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Possible Heart problems? Possible Heart problems?

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  #11  
Unread 05-27-2003, 04:01 PM
Question for lreichixinet

How did your MVR start out as? Was it mild or advanced? How is that one echo could show a trace of MVR and another echo a couple years later show nothing? I go to see my cardio next week and I will ask him more question. I know he is going to get sick me.
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  #12  
Unread 05-27-2003, 04:45 PM
Possible Heart problems?

My experience went something like this: I never had any problems, developed the symptoms of rheumatic fever (including severe chest pain and horrible weakness along with chorea and severe joint pain), and had an echo which demonstrated trace regurgitation in 3 of my valves. 4 years later, my mitral valve regurgitation had progressed to, I believe, moderate. Between these echos, I had another recurrance of what was probably the awful endocarditis, severe joint pain and chorea. I am due for this year's echocardiogram pretty soon. I am worried too -- I have had alot of chest pain.

I think Audrey was right -- the echo results must really depend on the person doing the ultrasound. I know someone else who had trace mitral valve regurgitation disappear inbetween echos also. I guess this is sort of an argument for having the echos done in the same place on the same equipment, maybe by the same person?

I wish you so much luck with this. I think I would rather have mine be disappearing than getting worse! It is worrisome, though, is it not? Please let me know how it turns out for you.

With love,
Loretta
  #13  
Unread 05-27-2003, 06:17 PM
Possible Heart problems?

Trace valvular insufficiency is really normal for all of us. Loretta, it sounds to me like what you're dealing with is the connective tissue of the valve isn't as sturdy, thanks to the possible infections, as it should be, so-called "degenerative MVP". This is what my DH has as well, and his insufficiency is a bit more than would be expected from a normal man his age (54). And for you, yes, absolutely antibiotics are necessary, especially if your symptoms are from rheumatic fever as an adult !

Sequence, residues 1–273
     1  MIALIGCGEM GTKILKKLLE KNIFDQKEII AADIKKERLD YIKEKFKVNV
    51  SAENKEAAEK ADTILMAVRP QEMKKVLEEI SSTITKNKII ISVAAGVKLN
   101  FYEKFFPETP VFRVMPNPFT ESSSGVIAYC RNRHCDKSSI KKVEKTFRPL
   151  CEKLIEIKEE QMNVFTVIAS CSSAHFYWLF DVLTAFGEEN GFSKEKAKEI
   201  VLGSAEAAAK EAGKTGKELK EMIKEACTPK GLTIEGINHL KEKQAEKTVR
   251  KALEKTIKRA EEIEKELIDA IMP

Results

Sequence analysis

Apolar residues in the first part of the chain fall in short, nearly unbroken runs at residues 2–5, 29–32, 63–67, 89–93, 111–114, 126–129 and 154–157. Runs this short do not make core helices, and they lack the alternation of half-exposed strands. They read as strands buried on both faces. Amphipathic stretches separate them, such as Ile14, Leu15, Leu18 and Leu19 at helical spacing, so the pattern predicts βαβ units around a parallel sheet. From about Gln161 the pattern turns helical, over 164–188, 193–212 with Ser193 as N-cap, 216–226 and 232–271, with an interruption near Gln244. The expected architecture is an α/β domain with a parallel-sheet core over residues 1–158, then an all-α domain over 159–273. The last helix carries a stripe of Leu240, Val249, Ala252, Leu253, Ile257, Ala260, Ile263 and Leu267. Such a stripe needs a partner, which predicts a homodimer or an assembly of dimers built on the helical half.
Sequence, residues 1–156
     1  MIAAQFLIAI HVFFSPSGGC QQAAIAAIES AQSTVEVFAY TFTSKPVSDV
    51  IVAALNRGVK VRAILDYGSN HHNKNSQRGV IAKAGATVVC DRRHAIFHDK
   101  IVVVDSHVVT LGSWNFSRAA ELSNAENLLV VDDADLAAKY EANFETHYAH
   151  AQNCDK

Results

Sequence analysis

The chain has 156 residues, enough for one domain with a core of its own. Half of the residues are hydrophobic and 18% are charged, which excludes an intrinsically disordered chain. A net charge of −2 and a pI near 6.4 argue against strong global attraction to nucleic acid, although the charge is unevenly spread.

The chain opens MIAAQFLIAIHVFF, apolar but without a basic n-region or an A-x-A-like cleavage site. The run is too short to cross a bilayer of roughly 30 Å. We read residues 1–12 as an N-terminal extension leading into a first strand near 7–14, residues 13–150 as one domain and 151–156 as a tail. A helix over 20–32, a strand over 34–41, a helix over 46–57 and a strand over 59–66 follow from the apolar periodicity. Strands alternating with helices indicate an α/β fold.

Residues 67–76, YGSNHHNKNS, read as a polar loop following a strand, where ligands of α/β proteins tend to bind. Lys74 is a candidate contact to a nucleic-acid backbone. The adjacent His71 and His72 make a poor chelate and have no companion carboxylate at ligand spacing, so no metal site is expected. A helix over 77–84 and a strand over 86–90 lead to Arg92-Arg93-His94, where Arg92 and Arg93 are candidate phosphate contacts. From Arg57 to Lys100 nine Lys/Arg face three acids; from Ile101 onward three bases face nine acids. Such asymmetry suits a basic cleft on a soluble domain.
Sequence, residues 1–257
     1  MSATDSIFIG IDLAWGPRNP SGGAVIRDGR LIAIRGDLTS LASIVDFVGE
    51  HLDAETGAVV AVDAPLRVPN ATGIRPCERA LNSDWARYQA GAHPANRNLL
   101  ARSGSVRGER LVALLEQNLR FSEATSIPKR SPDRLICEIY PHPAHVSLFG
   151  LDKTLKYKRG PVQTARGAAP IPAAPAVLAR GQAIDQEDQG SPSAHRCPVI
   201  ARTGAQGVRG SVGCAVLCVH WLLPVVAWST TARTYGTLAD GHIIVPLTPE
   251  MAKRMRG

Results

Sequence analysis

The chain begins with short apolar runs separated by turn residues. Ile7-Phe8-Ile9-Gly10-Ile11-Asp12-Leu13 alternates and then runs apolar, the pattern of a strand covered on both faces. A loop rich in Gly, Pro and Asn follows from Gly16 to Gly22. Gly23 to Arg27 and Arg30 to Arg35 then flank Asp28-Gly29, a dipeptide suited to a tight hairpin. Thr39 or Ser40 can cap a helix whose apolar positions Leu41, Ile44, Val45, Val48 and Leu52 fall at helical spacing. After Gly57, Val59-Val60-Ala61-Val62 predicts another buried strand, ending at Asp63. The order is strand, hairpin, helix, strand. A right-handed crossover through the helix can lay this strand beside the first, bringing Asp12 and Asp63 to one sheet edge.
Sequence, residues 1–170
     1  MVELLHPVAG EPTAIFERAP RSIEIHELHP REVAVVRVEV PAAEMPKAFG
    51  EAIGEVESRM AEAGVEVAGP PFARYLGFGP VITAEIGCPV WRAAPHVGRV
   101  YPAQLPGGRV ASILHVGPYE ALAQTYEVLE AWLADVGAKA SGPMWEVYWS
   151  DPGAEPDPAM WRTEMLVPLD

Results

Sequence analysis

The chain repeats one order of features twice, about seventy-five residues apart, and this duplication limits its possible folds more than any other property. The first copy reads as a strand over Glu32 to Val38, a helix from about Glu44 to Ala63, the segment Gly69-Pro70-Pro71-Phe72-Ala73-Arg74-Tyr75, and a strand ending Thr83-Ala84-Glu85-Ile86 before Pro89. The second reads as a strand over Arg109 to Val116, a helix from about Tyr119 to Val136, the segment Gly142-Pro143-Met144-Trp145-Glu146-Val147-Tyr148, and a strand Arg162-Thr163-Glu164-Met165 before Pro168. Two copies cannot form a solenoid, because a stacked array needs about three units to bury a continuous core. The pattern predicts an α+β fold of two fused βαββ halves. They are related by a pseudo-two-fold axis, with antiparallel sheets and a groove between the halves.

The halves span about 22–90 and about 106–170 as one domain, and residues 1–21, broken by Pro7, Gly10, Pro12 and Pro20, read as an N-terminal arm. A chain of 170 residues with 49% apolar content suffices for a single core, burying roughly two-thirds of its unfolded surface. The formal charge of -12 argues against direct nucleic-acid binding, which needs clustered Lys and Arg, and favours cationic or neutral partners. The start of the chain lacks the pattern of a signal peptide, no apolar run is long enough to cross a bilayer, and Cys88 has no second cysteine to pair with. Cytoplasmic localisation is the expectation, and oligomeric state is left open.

An echo can change from day to day, but anything abnormal would NOT return to "normal" even if a different sonographer did a study on a different machine. The odds are, Jazi, that you've not got significant insufficiency...and if your doctor does not recommend antibiotics, I would NOT take them based on an old echo when you have a new, normal study.

Our technology gets better all the time, and so I'd bet that you can relax, Jazi, and accept that "normal" echo, thus hopefully laying the fear to rest!.



Audrey
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  #14  
Unread 05-28-2003, 06:44 AM
Possible Heart problems?

Hi, I just wanted to pop in and let you know my mom had MVP and took meds every morning for it. I remember her taking them and asked when I was a teen what they were for. She never had any problems and also she did just as Audrey said, took antibiotics right before any dental procedure.

I hope your is the same sort of senario and you dont have anything more serious.

Please keep us posted on your next echo.. I will keep you in my prayers!!

  #15  
Unread 06-03-2003, 04:32 PM
Mitral valve prolapse

I have had diagnosed MVP and MVP syndrome for over 25 years and I'm still going strong. I have mild regurgitation also, so I have to take antibiotics. I see my cardiologist every 2-3 years. MVP does seem to be hereditary - all my siblings and many of my aunts and uncles have it. When it was first diagnosed, I had many more symptoms than I do now. Seems that now it will happen in waves - I may go several years with minimal symptoms, and then I'll have several months where I have palpitations all day long. I have been taking a beta blocker for 25 years and it does seem to help. Also, I've read recently that some beta blockers can minimize hot flashes! The one thing that I can recommend from ALL of my reading (and I have read every book and hundreds of medical articles on MVP/S) is to ensure that you drink plenty of water. For some reason most people with MVP don't experience thirst, so you have to force yourself to drink. The fluid helps to hydrate your body, which makes it easier for your heart to pump. As far as dying from MVP, there have been cases of death, but that is very rare. Usually they classify MVP as possibly life-altering rather than life-threatening. But it's hard to believe that in the middle of a panic attack, isn't it?

HAag in there - and if you want to talk, send me a message.
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